of maximum degree, then IV - N[x]l ~< A ( G ) - 1.
Proof. Let G be a connected bipartite graph with i ( G ) + A ( G ) ~ - n . By Theorem 5,
V - N[x] is an independent set. Since G is connected, N(x) must be an independent
dominating set of G. So i(G) <~ IN(x)l -- A(G) and n = i(G) + A(G) <~2A(G). Thus
I V - N [ x ] I ~< A ( G ) - 1. []
Theorem 6. Let G be a connected bipartite graph with bipartition A U B. Then
i(G) + A(G) = n if and only if A(G) = max{lAI, I~1} and i(G) = min{[A[, IBI).
Proof. Let G be a connected bipartite graph with bipartition A U B. Clearly, if
A(G) -- max{lA[, IBI} and i(G) ~- min{[A[, [B[}, then i(G) + A(G) = n.
Conversely, suppose i(G) + A(G) = n. Let x be a vertex of degree A(G). By
Theorem 5, V - N [ x ] is an independent set, and by L e m m a 1, I V - N [ x ] l ~< A ( G ) - 1.
Without loss of generality, let x EA. Then N ( x ) = B and V - N[x] CA. Thus IBI =
A(G) = IN(x)l. Also, A = V - N[x] U {x}, so IAI ~< A(G). Then A ( G ) = max{lA l, Ial},
and since i(G) + A(G) = n, we have i(G) = min{IA[, [B[}. []
Suppose G is a connected bipartite graph with bipartition AUB such that [B[ > [A[ > 2.
By the above theorem, if i ( G ) ÷ A ( G ) = n, then there is a vertex in A which is adjacent
to every vertex in B.
A connected graph is a tree if it contains no cycles. Thus any tree is also bipartite.
For trees, the conclusions of L e m m a 1 together with Theorem 5 form necessary and
sufficient conditions for a tree T to have i(T) + A(T) = n.
Theorem 7. Let T be a tree and let x be a vertex o f T with degree A(T). Then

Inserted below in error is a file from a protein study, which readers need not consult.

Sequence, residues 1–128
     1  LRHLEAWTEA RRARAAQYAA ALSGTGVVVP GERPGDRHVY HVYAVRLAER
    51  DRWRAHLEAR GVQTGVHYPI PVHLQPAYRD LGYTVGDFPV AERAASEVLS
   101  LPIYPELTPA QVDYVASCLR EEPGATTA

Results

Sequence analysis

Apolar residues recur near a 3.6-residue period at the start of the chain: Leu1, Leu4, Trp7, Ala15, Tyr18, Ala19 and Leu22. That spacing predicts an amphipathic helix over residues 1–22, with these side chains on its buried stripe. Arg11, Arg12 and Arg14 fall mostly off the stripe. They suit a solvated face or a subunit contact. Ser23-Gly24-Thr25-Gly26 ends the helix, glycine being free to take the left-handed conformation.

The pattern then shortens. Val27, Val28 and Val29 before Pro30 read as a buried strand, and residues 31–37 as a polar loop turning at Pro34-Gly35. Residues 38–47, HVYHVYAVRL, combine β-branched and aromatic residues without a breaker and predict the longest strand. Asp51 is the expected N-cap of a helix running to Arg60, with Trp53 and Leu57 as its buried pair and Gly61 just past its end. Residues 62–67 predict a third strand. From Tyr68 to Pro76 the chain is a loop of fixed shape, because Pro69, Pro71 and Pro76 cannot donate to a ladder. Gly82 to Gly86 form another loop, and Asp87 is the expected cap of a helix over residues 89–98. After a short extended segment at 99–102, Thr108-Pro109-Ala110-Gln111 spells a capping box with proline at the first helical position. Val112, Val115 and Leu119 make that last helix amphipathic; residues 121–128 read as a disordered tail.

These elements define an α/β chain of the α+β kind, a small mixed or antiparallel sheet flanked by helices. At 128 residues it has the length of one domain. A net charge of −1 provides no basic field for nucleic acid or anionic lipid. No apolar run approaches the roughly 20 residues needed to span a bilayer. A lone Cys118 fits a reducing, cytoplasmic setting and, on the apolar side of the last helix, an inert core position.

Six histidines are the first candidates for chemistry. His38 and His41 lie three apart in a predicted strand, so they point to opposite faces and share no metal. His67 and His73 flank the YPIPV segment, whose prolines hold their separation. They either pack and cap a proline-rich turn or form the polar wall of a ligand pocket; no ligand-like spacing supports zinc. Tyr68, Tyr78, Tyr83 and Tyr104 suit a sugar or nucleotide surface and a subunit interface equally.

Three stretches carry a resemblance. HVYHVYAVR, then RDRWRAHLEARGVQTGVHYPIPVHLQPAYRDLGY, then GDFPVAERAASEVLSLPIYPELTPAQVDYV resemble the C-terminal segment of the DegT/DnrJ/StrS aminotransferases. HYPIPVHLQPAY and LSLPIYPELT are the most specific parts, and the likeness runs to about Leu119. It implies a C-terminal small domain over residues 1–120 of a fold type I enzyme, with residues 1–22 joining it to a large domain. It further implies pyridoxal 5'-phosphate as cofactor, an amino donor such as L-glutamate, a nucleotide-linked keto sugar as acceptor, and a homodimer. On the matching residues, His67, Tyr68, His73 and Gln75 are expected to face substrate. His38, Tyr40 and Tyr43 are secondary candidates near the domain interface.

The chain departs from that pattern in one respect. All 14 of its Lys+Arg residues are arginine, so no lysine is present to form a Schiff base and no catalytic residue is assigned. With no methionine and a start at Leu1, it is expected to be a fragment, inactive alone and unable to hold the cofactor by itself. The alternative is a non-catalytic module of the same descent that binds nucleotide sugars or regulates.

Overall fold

i ( T ) + A ( T ) = n if and only if V - N [ x ] is an independent set and [V-N[x]I <~ A ( T ) - 1.
Proof. Let T be a tree, let x be a vertex of degree A(T).
Suppose first that i ( T ) + A ( T ) = n. Then the result follows from Theorem 5 and
L e m m a I.
Conversely, suppose that V - N [ x ] is an independent set and I V - N [ x ] l ~< A(T)--1.
Let I be an independent dominating set of size i(T). I f x E l , then I = { x } U ( V - N [ x ] )
and i(T) + A(T) = n. So suppose x ~ I. Then every vertex in N(x) of degree 1 is
in I. Also, any vertex in N(x) of degree >~ 3 is in I, in order to make II[ as small as
possible. Any vertex y C N(x) of degree 2 is adjacent to x and one vertex z in V - N [ x ] .
Then either y or z is in I, so [II I> A(T). Now N(x) is an independent set and all
of T is dominated by the A(T) vertices in N(x), so [I[ ~< A(T). Thus I I [ = A ( T ) =
IN(x)[, and recall that I V - N[x][ ~< A ( T ) - 1. Now n = [xl + IN(x) I + I V - N[x]l ~<
1 + i ( T ) + A ( T ) - 1, which implies n <~ i ( T ) + A ( T ) . By Theorem 4, i ( T ) ÷ A ( T ) <~n,
and so i(T) + A(T)--- n. []
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241
A graph is a split graph if there is a partion V = I U K of the vertices into
an independent set I and a clique K, where a clique is a set of vertices whose
induced subgraph is complete. It turns out that every connected split graph G has
i ( G ) ÷ A ( G ) : n:
Theorem 8. I f G is a connected split graph, then i(G) + A ( G ) = n.
Proof. Let G be a connected split graph. Partition the vertices into K U I, where K is
a clique and I is an independent set. If ]I] = 0, then the graph is complete and clearly
i(G) + A ( G ) = n. So assume that III >t 1. Note that A ( G ) >~ ]K], since each vertex of
K is adjacent to IK I - 1 vertices in the clique K and the graph is connected, so at
least one vertex of K is adjacent to a vertex of I.
Using Theorem 4, it will suffice to show that i(G) >~ n - A(G). Let D be an independent dominating set with ID I = i(G), and suppose that ID] < n - A(G). Now